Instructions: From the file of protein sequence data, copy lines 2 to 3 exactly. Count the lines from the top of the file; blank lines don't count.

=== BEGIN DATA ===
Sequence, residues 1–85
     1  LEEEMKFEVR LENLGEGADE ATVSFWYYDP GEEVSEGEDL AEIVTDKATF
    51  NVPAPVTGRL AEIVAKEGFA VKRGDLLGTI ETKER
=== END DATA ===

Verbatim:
     1  LEEEMKFEVR LENLGEGADE ATVSFWYYDP GEEVSEGEDL AEIVTDKATF
    51  NVPAPVTGRL AEIVAKEGFA VKRGDLLGTI ETKER